By the 1960s, typical smoothie blends saw fruits, fruit juices or milk being whipped together in tasty treats. The 1970s embraced the trend of using frozen yoghurt in smoothies. The 1980s added supplements; experimenting with protein and vitamin powders. Yet it was the 1990s that heralded a new smoothie renaissance, giving birth to a multi-billion dollar industry across the Western World: but what of the green smoothie?

 

Victoria Boutenko introduced the green smoothie at a time when smoothies become more popular than ever. Tired of constant, niggling health issues, Boutenko decided to try the all-natural, raw foods diet. In the 1990s, she subjected herself, and her family, to a decade long diet that strictly had them eating meals rich in green, leafy produce.

 

Strangely enough, her research compared the Standard American Diet (SAD) with the typical diet of our closest living relative, the chimpanzee. She found that chimps ate a diet of at least forty percent leafy greens and fifty percent fruit. The highly promoted raw-food diet encouraged extremely high amounts of fruit, and recommended only ten percent of leafy greens per day. Boutenko began exploring the benefits of increasing the greens in their diet. Based on her research, and her own family’s experiences, Boutenko found green smoothies to be the greatest health choice.

 

Victoria Boutenko recommended that the average person needed to consume at least four servings of green leaves and up to four pounds of fresh fruit each day. Although most people could stomach the fruit, munching down large servings of salad leaves became a chore. Further research also revealed that the full nutritional value of green leafy vegetables was only fully gained when the cell walls of the leaves were chewed, or cut.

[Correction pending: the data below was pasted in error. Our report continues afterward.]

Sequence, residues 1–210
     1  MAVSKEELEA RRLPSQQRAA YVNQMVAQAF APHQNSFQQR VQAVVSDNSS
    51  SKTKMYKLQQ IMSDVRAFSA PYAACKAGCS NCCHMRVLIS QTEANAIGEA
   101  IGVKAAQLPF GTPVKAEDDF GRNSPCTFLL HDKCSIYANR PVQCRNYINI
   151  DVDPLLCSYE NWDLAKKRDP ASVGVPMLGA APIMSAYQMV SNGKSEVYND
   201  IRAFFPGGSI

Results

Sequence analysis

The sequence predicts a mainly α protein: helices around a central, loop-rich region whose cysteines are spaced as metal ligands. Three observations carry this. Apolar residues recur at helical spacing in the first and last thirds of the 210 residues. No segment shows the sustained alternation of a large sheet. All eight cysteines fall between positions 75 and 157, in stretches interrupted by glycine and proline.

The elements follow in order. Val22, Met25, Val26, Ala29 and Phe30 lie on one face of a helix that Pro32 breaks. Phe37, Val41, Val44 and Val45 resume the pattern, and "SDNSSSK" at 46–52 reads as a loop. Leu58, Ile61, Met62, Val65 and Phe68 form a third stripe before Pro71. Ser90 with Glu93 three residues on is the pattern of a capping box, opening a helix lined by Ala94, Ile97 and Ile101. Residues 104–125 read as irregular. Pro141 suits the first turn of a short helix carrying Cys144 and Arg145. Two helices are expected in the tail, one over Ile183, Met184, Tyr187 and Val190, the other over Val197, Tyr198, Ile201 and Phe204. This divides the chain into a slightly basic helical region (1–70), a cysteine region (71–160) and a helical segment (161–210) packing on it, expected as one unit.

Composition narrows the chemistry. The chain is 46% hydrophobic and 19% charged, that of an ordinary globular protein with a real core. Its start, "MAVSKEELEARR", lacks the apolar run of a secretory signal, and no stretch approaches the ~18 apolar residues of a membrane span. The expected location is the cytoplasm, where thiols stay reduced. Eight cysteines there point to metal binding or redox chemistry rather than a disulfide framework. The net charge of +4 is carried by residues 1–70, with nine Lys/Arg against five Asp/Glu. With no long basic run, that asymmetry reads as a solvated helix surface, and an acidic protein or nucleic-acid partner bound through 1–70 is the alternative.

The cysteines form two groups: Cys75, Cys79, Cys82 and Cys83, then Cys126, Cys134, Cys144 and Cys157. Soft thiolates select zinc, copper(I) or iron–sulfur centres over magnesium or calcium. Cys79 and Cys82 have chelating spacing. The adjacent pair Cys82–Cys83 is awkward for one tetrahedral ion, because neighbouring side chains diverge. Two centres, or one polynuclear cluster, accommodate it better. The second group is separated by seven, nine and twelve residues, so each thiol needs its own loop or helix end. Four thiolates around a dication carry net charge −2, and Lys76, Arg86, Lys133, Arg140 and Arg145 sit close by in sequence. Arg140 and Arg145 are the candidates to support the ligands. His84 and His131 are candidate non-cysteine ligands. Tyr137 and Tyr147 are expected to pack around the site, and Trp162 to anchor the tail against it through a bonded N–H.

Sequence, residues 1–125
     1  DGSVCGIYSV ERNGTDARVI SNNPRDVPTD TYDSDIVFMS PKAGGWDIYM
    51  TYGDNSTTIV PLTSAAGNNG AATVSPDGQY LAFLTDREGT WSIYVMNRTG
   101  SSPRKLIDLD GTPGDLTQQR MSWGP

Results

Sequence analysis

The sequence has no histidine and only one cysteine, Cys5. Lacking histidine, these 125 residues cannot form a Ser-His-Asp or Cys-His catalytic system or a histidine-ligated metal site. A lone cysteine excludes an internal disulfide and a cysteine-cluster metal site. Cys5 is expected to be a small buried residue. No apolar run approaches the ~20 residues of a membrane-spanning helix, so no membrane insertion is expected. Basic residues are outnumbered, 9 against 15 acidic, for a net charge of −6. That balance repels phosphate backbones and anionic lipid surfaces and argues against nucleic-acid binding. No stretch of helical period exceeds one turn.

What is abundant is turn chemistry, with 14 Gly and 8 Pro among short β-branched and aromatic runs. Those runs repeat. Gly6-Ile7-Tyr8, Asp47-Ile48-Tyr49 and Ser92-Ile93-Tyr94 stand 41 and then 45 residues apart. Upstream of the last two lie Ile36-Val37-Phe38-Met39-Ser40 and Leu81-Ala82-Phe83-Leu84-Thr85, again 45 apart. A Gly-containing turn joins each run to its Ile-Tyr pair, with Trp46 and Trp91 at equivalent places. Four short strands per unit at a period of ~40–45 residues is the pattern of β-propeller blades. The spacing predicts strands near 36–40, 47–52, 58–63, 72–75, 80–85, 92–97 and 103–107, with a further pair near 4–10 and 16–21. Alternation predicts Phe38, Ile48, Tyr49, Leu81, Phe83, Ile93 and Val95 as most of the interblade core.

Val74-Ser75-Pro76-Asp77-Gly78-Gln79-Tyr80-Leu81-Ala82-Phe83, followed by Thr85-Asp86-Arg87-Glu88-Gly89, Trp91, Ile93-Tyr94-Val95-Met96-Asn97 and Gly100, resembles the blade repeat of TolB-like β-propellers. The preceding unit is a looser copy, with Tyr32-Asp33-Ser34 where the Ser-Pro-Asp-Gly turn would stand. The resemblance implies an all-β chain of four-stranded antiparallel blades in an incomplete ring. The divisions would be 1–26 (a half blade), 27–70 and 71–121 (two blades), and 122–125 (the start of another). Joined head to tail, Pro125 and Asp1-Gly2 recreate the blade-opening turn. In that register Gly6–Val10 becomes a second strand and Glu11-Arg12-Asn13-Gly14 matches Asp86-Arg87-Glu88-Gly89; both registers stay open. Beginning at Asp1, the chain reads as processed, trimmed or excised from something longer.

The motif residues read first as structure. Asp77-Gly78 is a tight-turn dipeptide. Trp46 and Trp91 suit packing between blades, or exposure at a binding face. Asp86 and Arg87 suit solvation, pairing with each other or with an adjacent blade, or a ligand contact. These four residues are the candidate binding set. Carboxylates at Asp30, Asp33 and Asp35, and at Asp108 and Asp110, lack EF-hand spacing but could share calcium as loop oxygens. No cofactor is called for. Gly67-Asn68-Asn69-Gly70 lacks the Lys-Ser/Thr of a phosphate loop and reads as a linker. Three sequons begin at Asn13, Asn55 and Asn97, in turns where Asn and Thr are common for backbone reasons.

The smaller the leaves were shredded, the better they were for the digestive system. This information led to the development of the green smoothie. By using a high-grade blender, green leafy matter such as spinach, was easily chopped into a smooth substance that mixed very well with fruit and a little water. The generous serving of fruits masked any bitter taste of a variety of fresh leaves, creating a drink that was highly nutritional; and so the green smoothie revolution begun.

 

Today, many people are experiencing the benefits of drinking green smoothies. There are hundreds of recipe books and websites that are dedicated to creating varied and tasty versions of this health tonic. Green smoothies promise to offer a low-calorie, highly nutritional boost to the diet. They contain essential vitamins and trace elements that can only be sourced from the hero of the drink, the green leafy vegetables. Green smoothies are said to help with digestive issues, but have also been recommended to ease rheumatoid arthritis and many allergies and other health concerns. Today, the green smoothie continues to evolve as new blends and products are explored.